FacebookTwitterGoogle+RedditEmail

War on America:

by Molly Secours

It’s getting more and more difficult these days for Americans to differentiate between reality and fantasy. It’s no surprise really. In the midst of successful shows like “Survivor” and “Big Brother”, the events of September 11th have taken on a surreal quality.

Watching major network war coverage can be like gawking at an eerie episode of Saturday Night Live in which cast regulars are replaced by self-possessed men in Armani suits. These political stars recite poorly memorized lines and read cue cards determined to convey a convincing and reassuring message. Unlike Saturday Night Live, there are no jokes and no punch lines. It is serious business. We are at war.

Even the editorial staff of the New York Times beat the war drum while singing the praises of George W. on Public Television several weeks ago. It seemed more like a commercial than a panel among serious journalists.

So why not a program called “War on America: the Procter and Gamble Perspective?” It is an appropriate title considering that TV executives-who are paid by advertisers–ultimately select the images of patriotism, war and terrorism which we ingest each day. In the world of high-dollar broadcasting (don’t forget General Electric owns NBC), any conflicting messages about the current war on terrorism–means that viewpoints other than the ones being sold on major networks–will not be broadcast. To many, all dissenting sentiments are considered the ultimate betrayal.

For most of us, wrapping our minds around the September 11th tragedy and attempting to reestablish some sort of normalcy in our lives is difficult. So it is even more unsettling when a news anchor glibly predicts that Halloween fashions will be “ultra patriotic” this year. One in particular giggled as she reported that the hottest sellers this season are army fatigues and helmets for the little trick or treaters. I couldn’t help wondering if her laughter was rooted in embarrassment or titillation. For just a moment, I half expected the following commercial to feature a new line of lipstick called “Afghani-red”–the lipstick of patriots.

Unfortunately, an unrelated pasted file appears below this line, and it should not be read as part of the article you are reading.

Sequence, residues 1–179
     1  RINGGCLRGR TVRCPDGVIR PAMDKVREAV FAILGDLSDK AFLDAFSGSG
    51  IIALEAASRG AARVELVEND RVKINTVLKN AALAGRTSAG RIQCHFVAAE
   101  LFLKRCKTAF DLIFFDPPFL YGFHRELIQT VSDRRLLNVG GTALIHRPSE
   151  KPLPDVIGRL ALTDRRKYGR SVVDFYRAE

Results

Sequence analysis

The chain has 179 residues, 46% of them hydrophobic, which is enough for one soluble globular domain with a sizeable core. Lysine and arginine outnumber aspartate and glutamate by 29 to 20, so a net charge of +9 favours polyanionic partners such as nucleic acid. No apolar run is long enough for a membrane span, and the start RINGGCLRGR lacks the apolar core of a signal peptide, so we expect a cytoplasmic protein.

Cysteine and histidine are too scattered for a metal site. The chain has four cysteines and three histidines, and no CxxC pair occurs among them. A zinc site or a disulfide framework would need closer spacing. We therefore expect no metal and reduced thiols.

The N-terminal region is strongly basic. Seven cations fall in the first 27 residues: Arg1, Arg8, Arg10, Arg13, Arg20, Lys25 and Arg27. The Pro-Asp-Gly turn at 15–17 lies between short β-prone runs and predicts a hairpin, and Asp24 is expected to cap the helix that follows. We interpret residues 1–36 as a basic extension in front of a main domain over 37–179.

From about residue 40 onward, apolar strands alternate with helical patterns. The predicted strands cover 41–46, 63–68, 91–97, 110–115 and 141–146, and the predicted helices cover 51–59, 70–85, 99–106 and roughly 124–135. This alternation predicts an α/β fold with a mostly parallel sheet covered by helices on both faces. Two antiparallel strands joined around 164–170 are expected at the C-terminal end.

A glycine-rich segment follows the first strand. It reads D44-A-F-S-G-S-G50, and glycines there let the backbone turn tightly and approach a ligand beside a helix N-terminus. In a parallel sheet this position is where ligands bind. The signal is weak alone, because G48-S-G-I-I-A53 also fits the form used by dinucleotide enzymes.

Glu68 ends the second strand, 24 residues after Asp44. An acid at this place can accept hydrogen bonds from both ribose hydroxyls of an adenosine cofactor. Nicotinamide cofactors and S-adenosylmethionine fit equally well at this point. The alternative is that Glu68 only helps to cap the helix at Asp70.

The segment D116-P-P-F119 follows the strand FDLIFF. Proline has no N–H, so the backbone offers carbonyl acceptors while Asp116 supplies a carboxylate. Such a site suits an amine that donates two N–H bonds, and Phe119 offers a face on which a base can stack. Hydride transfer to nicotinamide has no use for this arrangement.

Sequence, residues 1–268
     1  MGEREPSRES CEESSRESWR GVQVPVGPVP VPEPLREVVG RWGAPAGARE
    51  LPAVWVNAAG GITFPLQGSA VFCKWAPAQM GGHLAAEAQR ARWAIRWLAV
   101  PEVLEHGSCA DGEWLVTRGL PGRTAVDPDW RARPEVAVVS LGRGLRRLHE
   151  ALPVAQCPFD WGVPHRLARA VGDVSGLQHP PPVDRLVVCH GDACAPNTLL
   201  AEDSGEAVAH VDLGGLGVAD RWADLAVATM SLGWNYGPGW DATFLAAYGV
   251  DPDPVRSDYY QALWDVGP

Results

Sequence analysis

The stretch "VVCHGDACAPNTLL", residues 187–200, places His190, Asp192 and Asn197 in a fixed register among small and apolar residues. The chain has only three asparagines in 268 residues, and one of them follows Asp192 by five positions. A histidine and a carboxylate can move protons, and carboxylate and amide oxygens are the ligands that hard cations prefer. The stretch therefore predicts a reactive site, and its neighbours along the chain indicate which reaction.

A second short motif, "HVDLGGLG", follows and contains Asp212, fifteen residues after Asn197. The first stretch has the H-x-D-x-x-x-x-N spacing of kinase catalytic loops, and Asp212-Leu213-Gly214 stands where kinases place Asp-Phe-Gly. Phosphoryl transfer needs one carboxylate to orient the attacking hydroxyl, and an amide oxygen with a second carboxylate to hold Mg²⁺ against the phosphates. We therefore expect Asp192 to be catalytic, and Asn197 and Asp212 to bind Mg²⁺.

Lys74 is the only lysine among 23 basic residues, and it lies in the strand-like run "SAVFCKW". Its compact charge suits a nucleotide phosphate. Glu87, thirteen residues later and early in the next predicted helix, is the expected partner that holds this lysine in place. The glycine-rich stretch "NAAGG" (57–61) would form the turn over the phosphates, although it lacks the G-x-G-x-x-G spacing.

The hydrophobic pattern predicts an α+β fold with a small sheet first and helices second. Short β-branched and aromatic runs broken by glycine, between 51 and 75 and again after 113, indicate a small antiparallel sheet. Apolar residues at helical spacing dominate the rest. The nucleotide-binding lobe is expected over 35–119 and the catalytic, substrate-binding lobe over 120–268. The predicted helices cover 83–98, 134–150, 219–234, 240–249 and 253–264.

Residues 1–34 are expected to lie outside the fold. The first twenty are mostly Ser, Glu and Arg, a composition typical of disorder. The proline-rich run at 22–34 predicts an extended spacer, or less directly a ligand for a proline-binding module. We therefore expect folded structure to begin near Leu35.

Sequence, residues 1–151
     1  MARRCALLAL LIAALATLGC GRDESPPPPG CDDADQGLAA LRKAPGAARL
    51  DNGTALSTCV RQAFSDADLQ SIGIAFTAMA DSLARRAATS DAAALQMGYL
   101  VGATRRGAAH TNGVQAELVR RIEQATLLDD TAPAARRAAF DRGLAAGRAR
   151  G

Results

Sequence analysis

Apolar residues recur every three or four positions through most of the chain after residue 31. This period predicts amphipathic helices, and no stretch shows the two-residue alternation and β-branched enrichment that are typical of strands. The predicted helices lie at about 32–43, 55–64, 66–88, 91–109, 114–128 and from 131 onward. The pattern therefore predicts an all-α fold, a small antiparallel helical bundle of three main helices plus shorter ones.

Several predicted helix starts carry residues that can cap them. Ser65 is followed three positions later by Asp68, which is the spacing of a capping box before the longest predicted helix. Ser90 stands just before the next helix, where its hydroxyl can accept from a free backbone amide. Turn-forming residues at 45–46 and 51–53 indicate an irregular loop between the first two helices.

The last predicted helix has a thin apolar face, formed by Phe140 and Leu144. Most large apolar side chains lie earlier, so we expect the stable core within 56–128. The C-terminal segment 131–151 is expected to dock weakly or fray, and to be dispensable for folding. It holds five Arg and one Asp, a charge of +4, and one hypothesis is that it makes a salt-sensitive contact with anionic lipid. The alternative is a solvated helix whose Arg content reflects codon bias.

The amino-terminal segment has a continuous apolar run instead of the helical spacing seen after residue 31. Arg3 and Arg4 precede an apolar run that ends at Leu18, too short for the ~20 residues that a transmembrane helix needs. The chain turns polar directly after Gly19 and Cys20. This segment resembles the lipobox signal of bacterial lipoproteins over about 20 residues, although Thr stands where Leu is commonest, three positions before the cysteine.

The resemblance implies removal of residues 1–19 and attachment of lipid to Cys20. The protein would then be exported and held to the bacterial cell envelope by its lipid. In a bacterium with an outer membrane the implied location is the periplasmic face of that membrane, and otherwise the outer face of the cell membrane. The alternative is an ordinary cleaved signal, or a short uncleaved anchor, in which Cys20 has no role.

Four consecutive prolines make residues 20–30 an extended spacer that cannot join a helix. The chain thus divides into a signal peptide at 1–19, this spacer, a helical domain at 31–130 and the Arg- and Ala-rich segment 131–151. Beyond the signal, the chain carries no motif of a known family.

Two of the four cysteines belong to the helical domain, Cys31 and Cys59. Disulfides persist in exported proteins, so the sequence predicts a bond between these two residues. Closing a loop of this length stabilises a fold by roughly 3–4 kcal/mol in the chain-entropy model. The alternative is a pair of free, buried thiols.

Is this Mad TV or the news? It’s hard to tell. In the middle of massive layoffs across the country, advertisers insist that we buy, buy, buy. Most automobile commercials have at least two or three flags flowing as the screen flashes “Zero money down”. It is truly American to spend money and now, more than ever, the message is that we must be patriotic Americans. We must consume–for the good of our country.

In its own way, Hollywood has made some attempts to acknowledge the gravity of recent events. Just this week the Emmys were cancelled in Los Angeles due to security concerns and respect for those who have gone to fight in the war. When reporters quizzed publicists and stars about the awards ceremony cancellation, an alluring young woman wearing sequins smiled seductively into the camera lens. She stated that although it is important to be acknowledged for hard work, “there’s a much bigger news story out there that deserves to take center stage.” Afterward, she gazed longingly at the invisible audience, as if to say, “I’ll be here waiting for you.” Although I too was entranced by her beauty, I was forced to remind myself that the “bigger news story” she alluded to is the bombing in Afghanistan.

As Americans we have an insatiable appetite for news and drama–but only as long as it is served up in sound bites that are easily digestible. Unfortunately, many Americans swallow the six-o-clock news whole and then regurgitate major network rhetoric as if it were gospel truth. Perhaps it is comforting to have ready-made answers to combat disquieting questions behind American foreign policy.